In a major relief for students who are protesting against deportation orders in Canada, Lovepreet and Jaspreet Singh's deportation for June 13 has been postponed by the Canadian authorities.
In an interview with The Free Press Journal, Lovepreet Mahal said that though this decision is positive, protests will go on.
"I am positive about the decision but they have not mentioned till when it (deportation order) has been postponed. The protests will also continue," Lovepreet told the FPJ.
"War is not over," asserted Lovepreet.
Though this will prove to be helpful for these former students, who claim they were unaware of their admission letters being fraudulent, their demands of revoking inadmissibility and providing a pathway to permanent residency is yet to be met.
"Today we have a big announcement to make. My and Lovepreet Singh's deportation (from Canada) has been postponed so it can be rescheduled anytime again so the fight is not over. But government should revoke inadmissibility and provide a pathway to permanent residency," said a statement by Jaspreet.
As per Jaspreet, the Canadian authorities are working towards more stable solutions for the affected students and thanked Brampton Member of Parliament Ruby Sahota for her efforts.
"Thanks to @rubysahotalib for her efforts into this case. She said they are working on more stable solutions for the affected students," said the tweet by Jaspreet.
Canadian, Indian politicians defend former students
The announcement comes days after Canadian and Indian politicians publicised the issue of hundreds of former students being deported from Canada over fake admission letters.
While New Democratic Party leader, Jagmeet Singh raised a motion in the parliament regarding the matter, Canadian PM Justin Trudeau urged that the government is 'focusing on the culprits and not penalising the students.'
NDP leader Jenny Kwan also met with the students at the protest site in Canada, while another Conservative party leader Brad Redekopp has also been backing the students' demands and asked for a stay on the deportation.
Meanwhile, Aam Aadmi Party (AAP) MP Vikramjit Singh Sahney on Friday said that Canada will put on hold the deportations. Sahney, who is also the International President of the World Punjabi Organization, claimed that the Canadian government took the decision after his request and while also having the cooperation of the Indian High Commission in Canada.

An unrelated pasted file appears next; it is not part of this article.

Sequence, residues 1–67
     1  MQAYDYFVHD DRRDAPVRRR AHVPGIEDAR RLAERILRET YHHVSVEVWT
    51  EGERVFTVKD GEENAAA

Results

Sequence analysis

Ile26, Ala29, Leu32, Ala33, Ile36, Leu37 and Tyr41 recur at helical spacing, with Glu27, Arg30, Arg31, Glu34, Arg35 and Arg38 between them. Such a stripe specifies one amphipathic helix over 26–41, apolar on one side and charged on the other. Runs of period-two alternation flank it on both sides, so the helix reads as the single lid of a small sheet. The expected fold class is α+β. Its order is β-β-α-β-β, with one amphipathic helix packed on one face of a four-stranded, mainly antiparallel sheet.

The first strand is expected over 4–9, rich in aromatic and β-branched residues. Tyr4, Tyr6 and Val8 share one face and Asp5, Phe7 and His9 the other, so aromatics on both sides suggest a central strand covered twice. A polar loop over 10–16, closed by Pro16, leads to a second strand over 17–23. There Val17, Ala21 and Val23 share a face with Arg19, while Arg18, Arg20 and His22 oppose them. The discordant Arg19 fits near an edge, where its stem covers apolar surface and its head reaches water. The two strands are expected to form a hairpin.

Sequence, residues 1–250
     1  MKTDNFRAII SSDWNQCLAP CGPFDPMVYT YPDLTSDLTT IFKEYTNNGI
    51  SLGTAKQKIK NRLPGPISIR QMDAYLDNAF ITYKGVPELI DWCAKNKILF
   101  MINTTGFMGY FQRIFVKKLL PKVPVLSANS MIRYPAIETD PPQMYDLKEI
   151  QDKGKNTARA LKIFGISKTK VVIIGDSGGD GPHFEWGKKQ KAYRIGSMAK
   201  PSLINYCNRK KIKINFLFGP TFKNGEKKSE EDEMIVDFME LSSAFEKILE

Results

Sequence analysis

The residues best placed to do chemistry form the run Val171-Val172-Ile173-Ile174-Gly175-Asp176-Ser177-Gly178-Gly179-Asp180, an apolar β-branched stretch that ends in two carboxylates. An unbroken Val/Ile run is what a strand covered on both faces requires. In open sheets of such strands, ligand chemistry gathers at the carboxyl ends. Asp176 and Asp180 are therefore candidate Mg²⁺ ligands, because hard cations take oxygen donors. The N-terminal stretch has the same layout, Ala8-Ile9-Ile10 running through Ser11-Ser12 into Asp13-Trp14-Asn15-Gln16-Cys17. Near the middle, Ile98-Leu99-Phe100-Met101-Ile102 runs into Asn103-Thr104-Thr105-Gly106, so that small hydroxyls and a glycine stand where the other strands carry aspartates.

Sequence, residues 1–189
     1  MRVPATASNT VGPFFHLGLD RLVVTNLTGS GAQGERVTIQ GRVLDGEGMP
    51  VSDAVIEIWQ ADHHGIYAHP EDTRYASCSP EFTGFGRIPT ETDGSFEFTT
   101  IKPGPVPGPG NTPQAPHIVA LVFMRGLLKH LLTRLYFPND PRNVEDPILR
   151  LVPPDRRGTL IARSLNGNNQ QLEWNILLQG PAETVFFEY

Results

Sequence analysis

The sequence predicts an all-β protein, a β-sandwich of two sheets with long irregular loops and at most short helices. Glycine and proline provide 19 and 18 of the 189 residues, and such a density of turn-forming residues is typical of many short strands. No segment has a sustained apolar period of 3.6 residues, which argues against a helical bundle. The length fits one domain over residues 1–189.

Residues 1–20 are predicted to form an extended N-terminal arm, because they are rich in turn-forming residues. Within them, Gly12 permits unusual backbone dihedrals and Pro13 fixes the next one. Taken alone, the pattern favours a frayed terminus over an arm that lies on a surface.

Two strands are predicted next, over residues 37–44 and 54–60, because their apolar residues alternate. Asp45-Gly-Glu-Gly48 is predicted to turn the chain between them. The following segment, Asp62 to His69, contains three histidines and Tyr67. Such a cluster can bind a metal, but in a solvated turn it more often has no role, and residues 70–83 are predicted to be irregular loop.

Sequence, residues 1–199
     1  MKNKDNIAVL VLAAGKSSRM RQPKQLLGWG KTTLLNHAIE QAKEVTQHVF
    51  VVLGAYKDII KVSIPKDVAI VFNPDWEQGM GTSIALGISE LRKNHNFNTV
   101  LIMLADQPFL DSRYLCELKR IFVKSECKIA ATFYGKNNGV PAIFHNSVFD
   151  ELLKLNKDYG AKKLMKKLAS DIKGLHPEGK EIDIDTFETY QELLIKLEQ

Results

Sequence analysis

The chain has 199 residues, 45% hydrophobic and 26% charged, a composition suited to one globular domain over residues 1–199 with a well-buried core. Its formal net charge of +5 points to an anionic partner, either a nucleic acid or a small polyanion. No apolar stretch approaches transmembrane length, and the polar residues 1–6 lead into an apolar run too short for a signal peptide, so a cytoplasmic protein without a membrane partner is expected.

"We have written to them and we have explained to them that these students have not done any forgery or fraud. They are victims of fraud because some unauthorised agents issued fake admission letters and receipts of payments. Visas were also applied without any checking. Then when the children reached there, the immigration dept also allowed them to enter," Vikram Sahney said in a letter.
In a press conference on Thursday, External Affairs Minister (EAM) S Jaishankar stated that the Ministry has taken up the matter as it is unfair to the students, who studied in good faith.
“For some time now, there is this case of students, who the Canadians say, did not study in the college in which they should have and when they applied for a work permit, they got into difficulties. From the very start, we have taken up this case and our point is, the students studied in good faith. If there were people who misled them, the culpable parties should be acted against. It is unfair to punish a student who undertook their education in good faith. I think the Canadians also accept that it would be unfair if a student has done no wrong...We will continue to press,” Jaishankar said in a statement.
One deportation stayed as more hearings expected
The Free Press Journal had earlier reported that Karamjeet Kaur, who lives in Edmonton, was given a deportation date of May 29, 2023, but the decision was stayed by a federal court on May 26. Kaur has been allowed to stay in Canada for the next 6 months as she is set to face more hearings during this duration.
Why are former students protesting in Canada?
Hundreds of people (mostly former students) are now agitating against deportation in Canada, setting up temporary shelters to stay at the protest sites in the Greater Toronto Area, Airport Road in Mississauga, and other areas.
According to the former students, who arrived in the country between 2017-2020, Brijesh Mishra, a Jalandhar-based consultant, signed fake admission letters for them while charging anywhere between Rs 15-20 lakhs.
Though Mishra allegedly told them that they have been admitted to renowned Canadian colleges such as Seneca, Humber, etc, after landing in the country, they were informed that their admissions haven’t been confirmed leading them to take admissions to lesser-known, tier-2 institutions.
After finishing their academics, the individuals went on to attain their work permits and eventually continued with their PR process, which is when Canada Border Services Agency (CBSA) identified their offer letters to be fake.
While Mishra is on the run, two of his associates have been arrested by the Punjab Police in connection with the matter.